- Zhong Wei , Professor, Beijing Normal University
Apr 28 , 2017Despite China’s struggle to identify new drivers of growth, there are many positive indicators in the economy right now. We should be more result-focused and open-minded about China’s economic pursuit, and be willing to see the positive side while weighing the country’s economic future.
- Luo Xi , Assistant Research Fellow, Academic of Military Science of China
Apr 28 , 2017With economic interdependence in the era of globalization, and determination by both sides to avoid the Thucydides Trap, it is debatable that the rising power will slide into an inevitable conflict with the established power. But China’s struggle to shift from a labor-intensive economy to one driven by technology and knowledge may make other “traps” irrelevant.
- Yu Xiang , Research Fellow, China Institutes of Contemporary International Relations
Apr 27 , 2017Trump’s election campaign promises and and the executive orders the new president signed after he came into the White House reveal a narrow-minded, conservative and selfish United States. It’s a startling reversal of the country’s outlook for six decades, and completely outdated.
- Kemel Toktomushev , Research Fellow, University of Central Asia
Apr 27 , 2017It has been four years since One Belt, One Road (OBOR) was first announced, but the prospects of OBOR’s impact on Central Asia remain unclear, while the commitment of Beijing to invest $40 billion into Central Asia’s poor and deteriorating infrastructure have not materialized.The diversity of views on OBOR demonstrate that OBOR is far from being a complete product. It is an evolving concept, which is yet to be finalized. Accordingly, in the context of Central Asia, it remains unclear what form OBOR will take. Is OBOR a qualitatively new endeavour to be implemented in the region? Or, is it simply a rebranded form of Chinese pre-existing infrastructure projects, unified under the aegis of the Silk Road discourses?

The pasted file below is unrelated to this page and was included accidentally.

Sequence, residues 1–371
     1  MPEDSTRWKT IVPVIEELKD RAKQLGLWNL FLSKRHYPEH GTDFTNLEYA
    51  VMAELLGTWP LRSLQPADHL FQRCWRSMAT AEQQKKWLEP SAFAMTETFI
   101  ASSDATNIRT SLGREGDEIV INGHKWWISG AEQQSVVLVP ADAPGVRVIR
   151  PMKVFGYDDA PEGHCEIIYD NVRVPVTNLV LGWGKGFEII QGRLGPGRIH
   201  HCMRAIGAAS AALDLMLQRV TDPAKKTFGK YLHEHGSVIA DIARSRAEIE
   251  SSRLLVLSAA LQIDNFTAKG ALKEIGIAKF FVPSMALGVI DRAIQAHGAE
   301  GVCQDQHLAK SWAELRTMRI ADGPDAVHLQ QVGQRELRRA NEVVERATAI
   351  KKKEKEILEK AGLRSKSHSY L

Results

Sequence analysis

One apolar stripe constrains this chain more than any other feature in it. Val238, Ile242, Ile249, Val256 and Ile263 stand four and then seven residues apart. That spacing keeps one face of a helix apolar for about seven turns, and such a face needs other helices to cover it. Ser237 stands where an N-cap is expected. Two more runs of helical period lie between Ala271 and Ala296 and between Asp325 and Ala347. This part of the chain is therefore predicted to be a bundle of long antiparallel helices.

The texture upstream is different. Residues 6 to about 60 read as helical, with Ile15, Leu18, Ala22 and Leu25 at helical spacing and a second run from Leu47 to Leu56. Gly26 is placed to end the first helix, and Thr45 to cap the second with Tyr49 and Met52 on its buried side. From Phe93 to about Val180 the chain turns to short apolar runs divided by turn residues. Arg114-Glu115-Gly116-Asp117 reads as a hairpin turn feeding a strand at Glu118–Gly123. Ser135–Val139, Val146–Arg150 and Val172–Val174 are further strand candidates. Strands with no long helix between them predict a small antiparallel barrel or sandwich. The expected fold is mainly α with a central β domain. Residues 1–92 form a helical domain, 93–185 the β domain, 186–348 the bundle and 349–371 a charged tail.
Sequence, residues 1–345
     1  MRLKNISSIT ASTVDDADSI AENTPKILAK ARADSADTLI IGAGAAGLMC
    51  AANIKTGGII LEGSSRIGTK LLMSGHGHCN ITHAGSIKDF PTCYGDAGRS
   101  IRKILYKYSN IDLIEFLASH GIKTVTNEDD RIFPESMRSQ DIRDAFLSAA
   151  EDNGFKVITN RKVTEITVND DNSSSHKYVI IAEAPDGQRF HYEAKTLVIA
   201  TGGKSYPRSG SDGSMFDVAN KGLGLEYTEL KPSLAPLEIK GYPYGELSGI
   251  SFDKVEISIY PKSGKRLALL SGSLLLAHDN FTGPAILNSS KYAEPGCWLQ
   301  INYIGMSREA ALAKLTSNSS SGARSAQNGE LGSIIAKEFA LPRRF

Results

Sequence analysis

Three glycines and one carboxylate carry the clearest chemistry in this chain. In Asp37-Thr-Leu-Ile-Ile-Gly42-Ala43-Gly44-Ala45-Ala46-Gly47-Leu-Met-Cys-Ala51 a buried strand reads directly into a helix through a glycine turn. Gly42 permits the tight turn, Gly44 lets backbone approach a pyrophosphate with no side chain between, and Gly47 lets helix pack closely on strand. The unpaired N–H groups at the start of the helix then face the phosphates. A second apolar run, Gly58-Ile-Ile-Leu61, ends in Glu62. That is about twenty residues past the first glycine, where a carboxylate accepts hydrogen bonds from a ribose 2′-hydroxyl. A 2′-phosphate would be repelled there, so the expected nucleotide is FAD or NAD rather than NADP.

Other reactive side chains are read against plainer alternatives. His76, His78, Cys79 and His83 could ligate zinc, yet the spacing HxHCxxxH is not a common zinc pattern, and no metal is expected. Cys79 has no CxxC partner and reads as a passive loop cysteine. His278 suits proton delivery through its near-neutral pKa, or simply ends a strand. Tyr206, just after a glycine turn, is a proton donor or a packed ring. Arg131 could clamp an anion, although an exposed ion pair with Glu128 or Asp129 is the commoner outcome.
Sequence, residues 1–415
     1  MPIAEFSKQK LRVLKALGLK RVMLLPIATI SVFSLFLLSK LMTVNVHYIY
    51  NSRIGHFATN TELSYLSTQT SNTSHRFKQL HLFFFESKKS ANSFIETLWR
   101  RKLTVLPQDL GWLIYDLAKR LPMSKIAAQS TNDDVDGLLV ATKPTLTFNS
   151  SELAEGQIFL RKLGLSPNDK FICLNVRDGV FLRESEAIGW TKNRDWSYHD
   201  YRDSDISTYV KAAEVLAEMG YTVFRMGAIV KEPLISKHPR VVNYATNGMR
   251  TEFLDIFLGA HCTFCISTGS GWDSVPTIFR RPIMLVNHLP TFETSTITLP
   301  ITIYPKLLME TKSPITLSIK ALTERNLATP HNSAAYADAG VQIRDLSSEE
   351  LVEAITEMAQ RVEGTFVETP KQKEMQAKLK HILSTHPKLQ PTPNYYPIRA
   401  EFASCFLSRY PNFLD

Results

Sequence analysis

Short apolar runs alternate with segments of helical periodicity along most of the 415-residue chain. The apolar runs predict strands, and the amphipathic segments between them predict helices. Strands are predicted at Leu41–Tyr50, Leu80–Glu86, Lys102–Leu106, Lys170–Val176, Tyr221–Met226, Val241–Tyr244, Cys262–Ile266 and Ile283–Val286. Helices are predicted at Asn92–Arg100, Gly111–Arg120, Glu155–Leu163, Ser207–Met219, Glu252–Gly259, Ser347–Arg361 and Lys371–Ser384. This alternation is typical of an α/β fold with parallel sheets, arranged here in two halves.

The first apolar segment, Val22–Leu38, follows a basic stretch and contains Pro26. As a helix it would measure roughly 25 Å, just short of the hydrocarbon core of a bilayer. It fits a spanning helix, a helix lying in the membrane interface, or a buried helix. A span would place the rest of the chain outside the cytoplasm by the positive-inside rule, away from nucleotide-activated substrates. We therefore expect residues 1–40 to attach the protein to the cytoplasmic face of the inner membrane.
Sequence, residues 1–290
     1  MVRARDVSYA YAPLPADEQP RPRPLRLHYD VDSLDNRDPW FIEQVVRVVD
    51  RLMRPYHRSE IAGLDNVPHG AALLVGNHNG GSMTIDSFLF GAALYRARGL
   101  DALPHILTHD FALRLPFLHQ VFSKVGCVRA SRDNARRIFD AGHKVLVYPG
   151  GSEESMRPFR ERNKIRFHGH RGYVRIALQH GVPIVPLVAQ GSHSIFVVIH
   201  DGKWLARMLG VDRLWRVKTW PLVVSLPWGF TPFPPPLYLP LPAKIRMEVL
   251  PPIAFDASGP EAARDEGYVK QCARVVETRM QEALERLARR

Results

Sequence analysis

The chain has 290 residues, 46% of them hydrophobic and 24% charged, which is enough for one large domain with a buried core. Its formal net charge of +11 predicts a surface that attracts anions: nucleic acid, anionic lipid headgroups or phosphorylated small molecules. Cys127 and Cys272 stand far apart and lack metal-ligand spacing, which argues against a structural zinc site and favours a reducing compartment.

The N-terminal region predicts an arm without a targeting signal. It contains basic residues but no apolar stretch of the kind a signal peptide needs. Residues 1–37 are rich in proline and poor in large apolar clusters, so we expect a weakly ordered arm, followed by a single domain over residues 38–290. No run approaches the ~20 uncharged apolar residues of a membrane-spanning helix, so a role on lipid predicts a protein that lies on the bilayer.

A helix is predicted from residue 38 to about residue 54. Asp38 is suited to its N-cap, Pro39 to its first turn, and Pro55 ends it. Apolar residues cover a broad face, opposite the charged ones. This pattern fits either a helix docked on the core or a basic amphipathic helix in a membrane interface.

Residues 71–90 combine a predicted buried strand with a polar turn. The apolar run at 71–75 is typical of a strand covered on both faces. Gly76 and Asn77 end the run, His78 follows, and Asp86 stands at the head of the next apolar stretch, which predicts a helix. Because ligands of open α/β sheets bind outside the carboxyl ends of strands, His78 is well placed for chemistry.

- Christopher A. McNally , Professor of Political Economy, Chaminade University
Apr 19 , 2017Why has there been such a tidal change in the U.S.-Russia-China strategic triangle? The reason is simple: the United States and China are deeply enmeshed over a broad spectrum of politico-economic relations. Russia, on the other hand, is a straight forward strategic competitor and, within the international economic order, by and large a natural resource exporter.
- 2017 will likely be one of the most challenging years in decades for US companies in China.
- Daniel R. Pearson , Senior Fellow, Trade Policy Studies, Cato Institute
Apr 13 , 2017The trade deficit is driven by U.S. government policies that influence domestic savings and investment, not by the policies of governments overseas. Unfortunately, the executive order seems premised on the mistaken notion that fixing trade-distorting policies of other countries would reduce the U.S. trade deficit.
- Sam Beatson , Senior Market Analyst and Trading Researcher, Quantisi Ltd
Apr 13 , 2017The performance of Chinese and U.S. shares are rarely compared side-by-side. Together though, they tell the story of the gains that have been available to investors over the past decades, in what are now regarded as the two largest economies—and most capitalised stock markets—in the world.
- Shen Lu , Master's Student at Medill School of Journalism, Northwestern University
Apr 13 , 2017All the efforts Chicago has made to woo Chinese corporations, along with the resulting economic, cultural, and academic benefits both sides have enjoyed, might be curbed by growing inward-looking policies.
- Despite preliminary pessimism, the Trump-Xi Summit showed greater trade pragmatism than initially expected, even though it was overshadowed by a raw display of U.S. military power.